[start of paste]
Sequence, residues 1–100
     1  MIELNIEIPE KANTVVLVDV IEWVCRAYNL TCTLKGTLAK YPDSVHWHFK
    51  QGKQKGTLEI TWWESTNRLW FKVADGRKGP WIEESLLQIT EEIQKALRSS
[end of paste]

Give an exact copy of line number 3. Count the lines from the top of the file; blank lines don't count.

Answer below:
    51  QGKQKGTLEI TWWESTNRLW FKVADGRKGP WIEESLLQIT EEIQKALRSS